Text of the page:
The odd thing was to come into this straight from a context where people were asking the opposite question. Wasn’t it time that China stopped being a certain kind of secular society?
Rarely has a human being crammed so much dishonesty and self-deceit into so few words.

The greatest immediate threat to British society IS religious war, you cretinous, bearded twat. 7/7 isn't a fucking convenience store.

Terrorism IS fomented by faith schools.

Headline-grabbing campaigners for the veil ARE activists in mosques that churn out suicide bombers or puppets of supremacist religious cults.

And exactly which "kind of secular society" is China? In case you didn't notice on your visit it's a fucking communist dictatorship. A communist dictatorship that killed some 70 million people in the twentieth century (also see next link). All told, communist dictatorships murdered more than 148 million people in the twentieth century.

And Williams has the mendacious, bare-faced duplicitous cheek to characterise China not as a communist tyranny, but as a secular society.

And who the FUCK has mentioned the Bishops' Bench in the House of Lords? I haven't seen a single reference to it in the newspapers of the past few weeks. But let me remedy that omission right now. Last year the Fabian society called for:
the Church of England's preferential status to end and for its bishops to the lose the right to sit in the House of Lords.

The Fabian Society says the change is needed to establish the principle of equal treatment of religions, including Islam, and that it remains the only part of the constitution untouched by reform since 1997.
Damn right. And it can't be soon enough.

A self-deceiving moron like Rowan Williams, a man who would put the sectional interests of religious partisans above social cohesion and peace, has no place in Parliament.

Don't sugar coat it like that

Give it to her straight.

Thursday, October 26, 2006

Peter Tatchell

It's very strange to admire someone as much as I admire Peter Tatchell, while disagreeing with almost all of his politics. While we always disagree with every person about some issues, we rarely find individuals with such courage, integrity and consistency.

Of course, I need to declare an interest, to the extent that he supported and spoke at the Rally for Free Expression last March. But his attitude towards Simon Hughes after the disgusting Lib Dem campaign in Bermondsey in the 'eighties was that of a saint.

And anybody who had the balls to attempt a citizen's arrest of Robert Mugabe is a fit subject for anyboby's admiration.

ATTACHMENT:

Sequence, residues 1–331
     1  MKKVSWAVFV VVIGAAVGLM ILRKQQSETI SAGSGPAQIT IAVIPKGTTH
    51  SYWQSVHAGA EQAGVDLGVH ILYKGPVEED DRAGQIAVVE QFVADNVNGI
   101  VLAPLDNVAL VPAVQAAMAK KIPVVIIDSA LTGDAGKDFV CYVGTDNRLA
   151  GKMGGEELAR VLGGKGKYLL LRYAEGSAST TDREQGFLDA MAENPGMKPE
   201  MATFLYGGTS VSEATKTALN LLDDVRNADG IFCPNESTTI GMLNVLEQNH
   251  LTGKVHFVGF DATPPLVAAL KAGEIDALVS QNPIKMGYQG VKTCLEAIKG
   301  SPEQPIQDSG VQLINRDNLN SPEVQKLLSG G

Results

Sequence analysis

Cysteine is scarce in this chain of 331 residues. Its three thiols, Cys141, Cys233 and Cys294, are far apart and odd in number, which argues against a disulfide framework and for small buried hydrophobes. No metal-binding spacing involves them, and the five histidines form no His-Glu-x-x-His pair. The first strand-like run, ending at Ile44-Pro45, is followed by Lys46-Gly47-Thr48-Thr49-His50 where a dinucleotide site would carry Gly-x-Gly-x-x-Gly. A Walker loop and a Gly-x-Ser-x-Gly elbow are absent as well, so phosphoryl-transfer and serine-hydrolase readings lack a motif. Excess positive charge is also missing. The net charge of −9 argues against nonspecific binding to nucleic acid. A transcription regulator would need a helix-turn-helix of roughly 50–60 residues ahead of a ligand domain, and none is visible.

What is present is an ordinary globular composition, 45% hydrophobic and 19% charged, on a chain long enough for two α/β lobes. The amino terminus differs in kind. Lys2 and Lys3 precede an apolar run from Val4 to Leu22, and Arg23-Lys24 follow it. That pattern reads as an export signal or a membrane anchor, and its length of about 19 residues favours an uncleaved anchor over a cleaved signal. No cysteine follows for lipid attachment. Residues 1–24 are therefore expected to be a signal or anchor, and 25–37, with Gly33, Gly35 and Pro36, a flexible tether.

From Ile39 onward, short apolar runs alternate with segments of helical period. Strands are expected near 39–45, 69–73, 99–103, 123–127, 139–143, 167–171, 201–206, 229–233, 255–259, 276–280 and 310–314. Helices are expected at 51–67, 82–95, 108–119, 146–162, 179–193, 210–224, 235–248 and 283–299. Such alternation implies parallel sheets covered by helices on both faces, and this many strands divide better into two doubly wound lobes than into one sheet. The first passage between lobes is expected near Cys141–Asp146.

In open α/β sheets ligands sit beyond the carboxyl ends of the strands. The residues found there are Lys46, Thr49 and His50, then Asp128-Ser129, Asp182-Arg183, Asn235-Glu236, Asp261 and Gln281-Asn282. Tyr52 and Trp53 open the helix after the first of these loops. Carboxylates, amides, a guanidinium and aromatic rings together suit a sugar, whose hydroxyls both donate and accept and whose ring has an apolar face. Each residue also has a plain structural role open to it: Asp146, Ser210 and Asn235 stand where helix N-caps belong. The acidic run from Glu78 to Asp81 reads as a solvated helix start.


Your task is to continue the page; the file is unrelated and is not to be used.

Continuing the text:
I know you won't like a lot of my politics, Peter. But, as you signed your correspondence to me during the build-up to the Rally:


MCB Finances

Michael Gove, M.P. and Times columnist as well as author of the book Celsius 7/7 has been asking a series of Commons questions. On the 24th October:

Michael Gove: To ask the Secretary of State for Northern Ireland how much (a) financial support and (b) support in kind his Department and its agencies have given to the Muslim Council of Britain in each year since 1997. [96284]

Mr. Hain: The Northern Ireland Office has provided no financial assistance or support in kind to the Muslim Council of Britain.
On the 25th, two question:
Michael Gove: To ask the Secretary of State for Scotland how much (a) financial support and (b) support in kind his Department and its agencies have given to the Muslim Council of Britain in each year since 1997. [96283]

David Cairns: The Scotland Office was established in July 1999. Since that date it has incurred no expenditure in cash or in kind in support of the Muslim Council of Britain.
Michael Gove: To ask the Secretary of State for Wales how much (a) financial support and (b) support in kind his Department and its agencies have given to the Muslim Council of Britain in each year since 1997. [96282]

Mr. Hain: The Wales Office was established in 1999 and has given neither financial support nor support in kind to the Muslim Council of Britain.
So what is his point? Surely there are public accounts from which he could get this information.

Well, not exactly. The MCB has a very unusual structure(pdf):
7. Legal Status

The MCB shall be an unincorporated association.

a) The MCB shall cause title to all property, land and investments held by or on behalf of the MCB, to be vested in not less than five individuals appointed by the MCB as Holding Trustees.
I have been unable to find a page on the MCB website that lists who these holding trustees might be. And they have had a fair chunk of public money. I have a copy of a letter from the Home Office that confirms
1.I am writing to make you a formal offer of a grant for this financial year ending 31 March 2005.

2.This offer is subject to the terms and conditions set out below and in the enclosed Standard Terms and Conditions of Grant (1 April 2004). Please read these conditions, and this letter, carefully.

3.The purpose of the grant is to fund 5 projects that you proposed. These are 1) MCB Leadership Development programme 2) MCB Leadership mentoring programme 3) MCB Direct 4) British Citizenship Programme 5) British Muslim Equality programme. You may regard the money as restricted funds for accounting purposes.